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2010 Porsche Cayman Overview

It would’ve been easy to slap a C moniker on a hardtop version of the Boxster and call it a day, but Porsche knew better. Given the non-conventional design history of the Cayman – it started as a convertible and added a hardtop, instead of the other way around – the base for this Boxster coupe creates a naming nightmare. After all, “Boxster” is a portmanteau of roadster and boxer, for the flat-six boxer engine that can be found smack in the middle of the layout. So while the Cayman is really little more than a coupe version of the Boxster, it gets its own name.

But far be it from Porsche to leave it at that – something needs to distinguish this model from its soft-top siblings, after all. Thankfully for us, that distinction comes in the form of power. While the Cayman utilizes the same 2.9- and 3.4-liter flat-six “boxer” engines as the Boxster, here they both make 10 hp more for a total of 265 in the Cayman Base and 320 in the Cayman S. More importantly, they peak later in the rev range – 800 rpm later, in fact, finding their sweet spot at 7,200 rpm. Torque is increased as well in these direct-injected engines, with 221 and 273 lb-ft of torque showing up at 4,400 and 4,750 rpm, respectively.

It’s that torque that really defines the driving characteristics of the Cayman, with its low center of gravity and fully neutral steering and handling. It’s meaty and pleasantly present throughout the middle, just where all the best driving happens. You’re not going to rip the asphalt from the road beneath you as you blast away from a light – although a Cayman S is still capable of a 4.9-second sprint to 60 – but ample, usable, almost calming power is available where most of your driving will occur. Because of these qualities, the Cayman really speaks to the traditional purpose of a European sports car. Speed through subtlety rather than brutality offers a different outlook than an American muscle car with mounds of vicious torque daring you to go faster, faster – all the while taunting you for being a sissy. The Cayman instead gently suggests you go a little faster, push it a little harder, because it knows you can handle it and you’ll have fun doing it. It’s the kind of tender reinforcement and refined character that make you want to propose rather than buy her a shot.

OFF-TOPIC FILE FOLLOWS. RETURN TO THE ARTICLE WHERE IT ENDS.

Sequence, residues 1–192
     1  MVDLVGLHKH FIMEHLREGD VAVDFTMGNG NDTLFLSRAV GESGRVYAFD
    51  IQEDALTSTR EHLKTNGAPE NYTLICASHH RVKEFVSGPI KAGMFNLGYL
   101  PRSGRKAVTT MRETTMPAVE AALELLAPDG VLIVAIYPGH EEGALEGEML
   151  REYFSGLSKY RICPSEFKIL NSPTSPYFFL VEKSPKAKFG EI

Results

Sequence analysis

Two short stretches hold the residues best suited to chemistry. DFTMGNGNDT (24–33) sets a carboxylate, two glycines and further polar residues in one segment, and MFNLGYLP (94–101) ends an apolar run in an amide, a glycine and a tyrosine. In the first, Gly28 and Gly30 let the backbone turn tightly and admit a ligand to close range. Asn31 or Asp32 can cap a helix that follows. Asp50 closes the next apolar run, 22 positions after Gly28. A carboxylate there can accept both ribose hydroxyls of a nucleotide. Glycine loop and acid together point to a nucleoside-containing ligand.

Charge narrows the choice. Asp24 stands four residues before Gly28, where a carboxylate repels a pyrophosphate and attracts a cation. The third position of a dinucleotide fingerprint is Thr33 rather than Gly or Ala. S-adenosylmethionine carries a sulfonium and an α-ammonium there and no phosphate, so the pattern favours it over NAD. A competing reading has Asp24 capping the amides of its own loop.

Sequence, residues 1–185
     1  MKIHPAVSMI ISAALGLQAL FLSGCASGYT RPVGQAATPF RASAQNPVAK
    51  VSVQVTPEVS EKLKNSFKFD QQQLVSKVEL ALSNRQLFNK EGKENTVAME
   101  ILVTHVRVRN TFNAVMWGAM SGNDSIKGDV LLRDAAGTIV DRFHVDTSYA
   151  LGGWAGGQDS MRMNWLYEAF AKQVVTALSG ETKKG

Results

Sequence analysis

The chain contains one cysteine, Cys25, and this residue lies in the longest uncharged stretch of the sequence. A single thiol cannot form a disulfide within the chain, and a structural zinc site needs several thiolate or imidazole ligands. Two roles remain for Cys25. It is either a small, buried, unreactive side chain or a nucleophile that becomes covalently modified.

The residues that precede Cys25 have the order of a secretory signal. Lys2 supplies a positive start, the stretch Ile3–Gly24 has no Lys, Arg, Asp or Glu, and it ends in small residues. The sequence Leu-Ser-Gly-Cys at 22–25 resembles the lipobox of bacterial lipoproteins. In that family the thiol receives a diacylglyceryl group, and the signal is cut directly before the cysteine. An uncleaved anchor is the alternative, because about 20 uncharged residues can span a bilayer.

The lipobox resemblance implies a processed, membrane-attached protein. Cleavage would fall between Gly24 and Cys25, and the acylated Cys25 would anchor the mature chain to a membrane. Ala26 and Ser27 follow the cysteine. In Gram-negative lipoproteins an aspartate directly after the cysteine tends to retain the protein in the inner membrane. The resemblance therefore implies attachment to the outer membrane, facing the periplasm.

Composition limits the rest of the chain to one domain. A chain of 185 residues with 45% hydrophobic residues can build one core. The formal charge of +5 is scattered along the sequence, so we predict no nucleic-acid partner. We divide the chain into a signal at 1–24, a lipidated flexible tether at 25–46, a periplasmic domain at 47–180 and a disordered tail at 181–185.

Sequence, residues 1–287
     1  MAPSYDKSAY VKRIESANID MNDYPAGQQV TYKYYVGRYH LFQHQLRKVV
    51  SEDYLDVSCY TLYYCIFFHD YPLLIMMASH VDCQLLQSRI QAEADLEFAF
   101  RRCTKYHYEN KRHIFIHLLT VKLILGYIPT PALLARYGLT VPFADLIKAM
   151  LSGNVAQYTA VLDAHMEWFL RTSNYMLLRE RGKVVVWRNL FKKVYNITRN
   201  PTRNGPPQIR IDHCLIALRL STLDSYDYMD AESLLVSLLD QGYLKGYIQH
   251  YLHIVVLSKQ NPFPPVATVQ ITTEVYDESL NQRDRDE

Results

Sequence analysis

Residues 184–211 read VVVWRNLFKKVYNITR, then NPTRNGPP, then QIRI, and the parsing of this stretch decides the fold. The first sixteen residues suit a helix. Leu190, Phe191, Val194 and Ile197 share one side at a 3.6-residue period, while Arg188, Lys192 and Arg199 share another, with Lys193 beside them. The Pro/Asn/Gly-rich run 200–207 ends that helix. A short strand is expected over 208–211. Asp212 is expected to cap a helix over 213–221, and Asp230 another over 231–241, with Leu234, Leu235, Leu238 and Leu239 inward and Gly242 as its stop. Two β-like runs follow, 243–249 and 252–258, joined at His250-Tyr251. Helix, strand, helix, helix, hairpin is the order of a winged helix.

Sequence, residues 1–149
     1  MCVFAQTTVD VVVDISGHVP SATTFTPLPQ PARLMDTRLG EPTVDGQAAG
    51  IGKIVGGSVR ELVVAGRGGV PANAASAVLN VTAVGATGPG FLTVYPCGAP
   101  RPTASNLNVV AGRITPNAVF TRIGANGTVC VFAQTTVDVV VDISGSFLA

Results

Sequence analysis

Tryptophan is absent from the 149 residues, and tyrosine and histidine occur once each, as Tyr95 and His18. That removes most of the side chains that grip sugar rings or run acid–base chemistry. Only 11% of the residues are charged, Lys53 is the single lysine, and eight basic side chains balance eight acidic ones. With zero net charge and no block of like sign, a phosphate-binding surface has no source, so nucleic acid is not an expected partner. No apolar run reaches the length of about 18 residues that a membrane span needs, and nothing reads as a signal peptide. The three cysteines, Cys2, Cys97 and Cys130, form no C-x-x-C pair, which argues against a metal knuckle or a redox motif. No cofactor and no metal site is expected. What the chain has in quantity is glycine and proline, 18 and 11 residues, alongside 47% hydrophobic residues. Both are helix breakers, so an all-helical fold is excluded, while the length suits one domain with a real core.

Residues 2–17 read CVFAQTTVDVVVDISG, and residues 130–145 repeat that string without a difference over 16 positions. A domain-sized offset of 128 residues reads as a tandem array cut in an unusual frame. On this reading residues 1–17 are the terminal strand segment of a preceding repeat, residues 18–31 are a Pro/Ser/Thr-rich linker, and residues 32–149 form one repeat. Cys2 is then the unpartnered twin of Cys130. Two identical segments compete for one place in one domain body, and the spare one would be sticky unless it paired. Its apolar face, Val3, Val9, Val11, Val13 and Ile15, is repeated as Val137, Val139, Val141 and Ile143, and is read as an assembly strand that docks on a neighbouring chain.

Sure, there are lots of electronic enhancements and driver aids, but these are extensions of the inherent philosophy of the car, rather than Johnny-Come-Lately add-ons, and they do add so much. Porsche Stability Management is standard, and optional Porsche Active Suspension Management only complements the ride. The big choice is between the smooth and precise six-speed manual transmission and the even smoother and more precise PDK double-clutch seven-speed automated manual. There is something to be said for dropping the left foot and grabbing a handful of gear, but the PDK offers quicker shifts and better economy. Personally, I’d prefer the more traditional six-speed, but the PDK is fun in a whole other way. I can’t say I’d be disappointed with either option. You’ll get 19/27 mpg with the six-speed in the Cayman Base, and 19/26 in the Cayman S, but choosing the PDK will bump both those figures up to 20/29 – an advantage that will certainly change a few minds.

Because of the Cayman’s mid-engine layout, it offers trunks front and back. The rear hatch and window open up to offer an impressive 9.2 cubic feet of space, while the front adds 4.9 itself. Try finding that in a comparable sports car, not to mention in its big brother, the 911.

Truly, the Boxster and Cayman have both caught a lot of negative press for being entry-level segments in the Porsche roster, for being “Porsche Light.” This is simply unfair. The Cayman is Porsche, down to its very center, where that wonderful flat-six engine lies. It’s more fun to drive than a 911, more balanced, and even more useful in real-world applications. Perhaps people aren’t pleased with their Porsche unless it more closely skirts the $100,000 mark, but for me I’ll take the Cayman.


A CarGurus contributor since 2008, Michael started his career writing about cars with the SCCA - winning awards during his time as editor of Top End magazine. Since then, his journalistic travels have taken him from NY to Boston to CA, completing a cross-country tour on a restored vintage Suzuki. While his preference is for fine German automobiles - and the extra leg room they so often afford - his first automobile memories center around impromptu Mustang vs. Corvette races down the local highway, in the backseat of his father's latest acquisition.

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